Meet: Jon & Valerie Guerra
Jon & Valerie Guerra exude depth & authenticity unmatched.
Unequivocally creative, true vessels of grace, we simply adore this couple.
What you see is what you get, and it is good. Real good. Meet our good friends Jon & Valerie.
- Tell us about your journey and the evolution of Praytell.
Jon has had a musical solo project for years (inventively titled "Jon Guerra"), but we wrote a handful of songs that didn't really fit his solo project. Jon's solo stuff is a bit more reflective, internal, and the Praytell material started to feel a little lighter - storytelling, singing about breakups, places, and love. We met playing music together, and we've been playing & singing together for over 10 years, so when we thought about finding a home for these songs, it made sense to start a duo project. Jon is still doing his solo project, and now we can tour, record, & play together under Praytell as well.
- What is it like creating music & songwriting as a married couple? How has God refined you in this process?
Partnering with your spouse in anything can both be incredible and present challenges. We first started writing songs together as newlyweds years ago. It was November, and we wanted to write a Christmas song. It was easy, it was fun, it was light - we weren't taking it too seriously, and we could just explore. When it gets more difficult, it's because we're putting too much pressure on a particular project. We also sometimes have different tastes and, almost always, strong opinions, so we try to let the tension work FOR us, not against us, and the songs usually land in a really good place.
Working with your spouse is a very good exercise, and we honestly wish every couple had the opportunity to do so. While you do struggle together, you also succeed together, and those experiences draw you so close. As cheesy as it is to quote one of our own songs, we truly feel like it's "better together."
- You've been living and "creating" in Chicago in a long time. Have you experienced seasons of "plentiful drought" and "bountiful harvest?"
Yes, every career has seasons, and arts careers are no different. Take cues from the weather seasons - you can't exist in bountiful harvest year-round. Even in a season that may feel more dry or wintery, if you are mindful and disciplined, those seasons can be incredibly rich. One of our favorite poets, George Herbert, has a poem about fruitfulness and seasons. He says in winter, life goes underground. It doesn't mean there is no life, it just means it's working in a hidden way. We love to point to what can be seen and measured, but often, the real success happens where and when no one can see it.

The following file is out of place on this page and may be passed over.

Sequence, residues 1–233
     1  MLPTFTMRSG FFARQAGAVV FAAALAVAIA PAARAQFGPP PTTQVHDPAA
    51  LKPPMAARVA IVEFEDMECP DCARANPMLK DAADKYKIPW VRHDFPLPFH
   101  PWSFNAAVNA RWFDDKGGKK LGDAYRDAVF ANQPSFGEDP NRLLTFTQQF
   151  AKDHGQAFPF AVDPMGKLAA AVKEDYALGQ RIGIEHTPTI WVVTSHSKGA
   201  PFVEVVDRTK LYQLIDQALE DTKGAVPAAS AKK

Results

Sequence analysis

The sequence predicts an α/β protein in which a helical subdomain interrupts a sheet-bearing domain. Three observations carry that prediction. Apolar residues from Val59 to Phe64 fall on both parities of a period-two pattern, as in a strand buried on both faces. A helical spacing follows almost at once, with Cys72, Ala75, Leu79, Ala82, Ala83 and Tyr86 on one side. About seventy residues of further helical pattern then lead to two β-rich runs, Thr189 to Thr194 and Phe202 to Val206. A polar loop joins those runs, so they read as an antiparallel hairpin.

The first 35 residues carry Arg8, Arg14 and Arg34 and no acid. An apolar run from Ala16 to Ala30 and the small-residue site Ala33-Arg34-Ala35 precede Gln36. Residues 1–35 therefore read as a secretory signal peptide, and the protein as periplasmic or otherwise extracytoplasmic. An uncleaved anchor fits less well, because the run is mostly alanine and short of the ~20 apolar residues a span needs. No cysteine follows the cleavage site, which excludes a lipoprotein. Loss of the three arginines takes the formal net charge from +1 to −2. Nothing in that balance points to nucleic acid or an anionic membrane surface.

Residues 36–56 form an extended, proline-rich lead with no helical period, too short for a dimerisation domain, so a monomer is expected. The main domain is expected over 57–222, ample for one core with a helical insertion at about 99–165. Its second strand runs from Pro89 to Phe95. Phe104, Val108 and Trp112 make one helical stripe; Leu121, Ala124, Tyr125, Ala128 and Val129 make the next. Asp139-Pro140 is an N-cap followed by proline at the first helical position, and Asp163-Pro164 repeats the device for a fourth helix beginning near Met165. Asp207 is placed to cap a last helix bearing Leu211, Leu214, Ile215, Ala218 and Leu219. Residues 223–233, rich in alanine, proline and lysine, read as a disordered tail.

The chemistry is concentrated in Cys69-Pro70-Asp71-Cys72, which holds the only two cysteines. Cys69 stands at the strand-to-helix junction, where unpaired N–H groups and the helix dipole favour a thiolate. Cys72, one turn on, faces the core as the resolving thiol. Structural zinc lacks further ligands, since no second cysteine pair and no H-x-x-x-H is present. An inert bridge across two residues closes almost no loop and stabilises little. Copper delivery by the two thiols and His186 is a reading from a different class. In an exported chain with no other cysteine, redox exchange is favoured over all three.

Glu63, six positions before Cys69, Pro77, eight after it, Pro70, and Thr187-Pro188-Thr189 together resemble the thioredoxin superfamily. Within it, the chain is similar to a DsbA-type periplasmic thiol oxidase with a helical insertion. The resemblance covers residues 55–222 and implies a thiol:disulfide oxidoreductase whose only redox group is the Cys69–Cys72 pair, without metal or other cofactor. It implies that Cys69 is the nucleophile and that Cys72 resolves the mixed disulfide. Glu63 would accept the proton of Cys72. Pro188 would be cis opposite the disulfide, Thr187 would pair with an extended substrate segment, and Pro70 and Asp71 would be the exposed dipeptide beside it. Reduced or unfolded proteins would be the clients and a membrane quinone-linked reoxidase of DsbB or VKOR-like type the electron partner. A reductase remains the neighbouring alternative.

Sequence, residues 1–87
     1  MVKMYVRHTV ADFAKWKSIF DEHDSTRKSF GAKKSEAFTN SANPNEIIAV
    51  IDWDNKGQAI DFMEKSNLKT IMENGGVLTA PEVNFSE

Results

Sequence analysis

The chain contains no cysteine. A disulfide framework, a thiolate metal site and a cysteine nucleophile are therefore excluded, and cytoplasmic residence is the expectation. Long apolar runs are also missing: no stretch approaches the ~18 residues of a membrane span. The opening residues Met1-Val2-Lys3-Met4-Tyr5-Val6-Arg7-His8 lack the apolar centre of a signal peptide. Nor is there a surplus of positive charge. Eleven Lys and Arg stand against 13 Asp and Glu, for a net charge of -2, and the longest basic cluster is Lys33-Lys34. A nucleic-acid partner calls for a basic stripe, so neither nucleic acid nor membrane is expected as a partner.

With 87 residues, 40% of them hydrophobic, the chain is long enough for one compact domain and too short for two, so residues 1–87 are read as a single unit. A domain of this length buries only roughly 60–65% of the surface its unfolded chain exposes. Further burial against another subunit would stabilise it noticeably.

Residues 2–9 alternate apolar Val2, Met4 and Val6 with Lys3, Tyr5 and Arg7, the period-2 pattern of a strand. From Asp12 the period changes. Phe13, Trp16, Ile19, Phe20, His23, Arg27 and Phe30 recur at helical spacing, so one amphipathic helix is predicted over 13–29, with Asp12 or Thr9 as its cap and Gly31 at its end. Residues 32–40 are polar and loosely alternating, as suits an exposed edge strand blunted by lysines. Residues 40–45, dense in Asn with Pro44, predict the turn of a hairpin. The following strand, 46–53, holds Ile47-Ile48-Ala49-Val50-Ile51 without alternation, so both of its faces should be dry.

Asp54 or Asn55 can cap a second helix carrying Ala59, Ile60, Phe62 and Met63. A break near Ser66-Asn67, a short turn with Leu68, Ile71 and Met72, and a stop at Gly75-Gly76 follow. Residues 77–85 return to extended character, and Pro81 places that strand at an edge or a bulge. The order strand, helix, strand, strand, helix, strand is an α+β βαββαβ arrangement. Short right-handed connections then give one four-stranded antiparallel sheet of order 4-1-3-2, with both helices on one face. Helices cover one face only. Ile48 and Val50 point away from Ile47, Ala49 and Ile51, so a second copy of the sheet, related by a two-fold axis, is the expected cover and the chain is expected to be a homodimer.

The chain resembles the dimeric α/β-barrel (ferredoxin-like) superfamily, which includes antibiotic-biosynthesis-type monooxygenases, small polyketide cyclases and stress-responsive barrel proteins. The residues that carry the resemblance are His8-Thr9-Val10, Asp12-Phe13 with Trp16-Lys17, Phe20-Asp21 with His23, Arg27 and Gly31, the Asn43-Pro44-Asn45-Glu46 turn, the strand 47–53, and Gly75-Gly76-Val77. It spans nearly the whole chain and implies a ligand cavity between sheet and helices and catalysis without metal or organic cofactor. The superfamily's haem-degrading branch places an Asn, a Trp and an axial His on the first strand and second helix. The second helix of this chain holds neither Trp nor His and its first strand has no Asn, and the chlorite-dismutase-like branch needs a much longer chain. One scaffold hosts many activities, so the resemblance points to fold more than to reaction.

- What would you say to a creative desiring to plant roots physically/spiritually in community, or a creative who struggles with feelings of complacency remaining where they are?
Big cities have huge positives and huge negatives. Huge positives: the culture is very focused. Whether it's music, art, food, business -- people are in the city to work hard and go after something hard. That's a very inspiring energy, and you can feel it living in those cities. Huge negative: that kind of ambition can be exhausting, and you really have to work for friendship. People are also very transient. You may get close to someone and then they leave or move. That certainly happens anywhere, but it feels especially pertinent to city life, since few people see the city as a place to stay or raise a family.
With that said, the friendships you do make are very real and deep. Everyone is in a fox-hole, and as they say, fox-hole friends are forever friends...or something like that :)
We love being in Chicago, in particular. Being in a more affordable big city allows us to take creative risks we wouldn't be able to take if we were living somewhere more expensive.
Finally, the grass-is-always-greener mirage will tempt you no matter where you live, so we'd advise someone to be very skeptical when that mirage tempts them to move to seek out other opportunities. Don't always ignore that temptation, but just filter it with an extra grain of salt.
- Both of you are not only musical, but effective communicators and storytellers. Tell us about the Creative Muscle podcast and your involvement. How does this inspire both of you in your own creativity and daily life?
Speaking of friendship made in the city -- our podcast is a really fun collaboration between friends. It was a conversation over brunch a couple years ago that eventually led to The Creative Muscle. There was a period of about 2 months where we were going out to lunch with Nathan Michael almost every Sunday after church. The conversations were so helpful and rich, and we thought, "Wouldn't it be fun to collaborate on something?" It seemed like there wasn't a podcast for people focusing on creativity and all the disparate aspects. We've only been going for about a year, but we have found some good traction and interviewed some pretty inspiring folks.
It's been helpful for both of us to feel validated in some of the things we've struggled with in the creative field - kind of an "Oh, we're not alone feeling that way?" when we hear people who have been in the field longer than us talk about the tensions they experience. And also, it's so enriching to remember that ALL of us are creative, we use creativity every day - whether it's our job or not - and we can celebrate the myriad ways creativity is being used in the lives around us - in Chicago and beyond.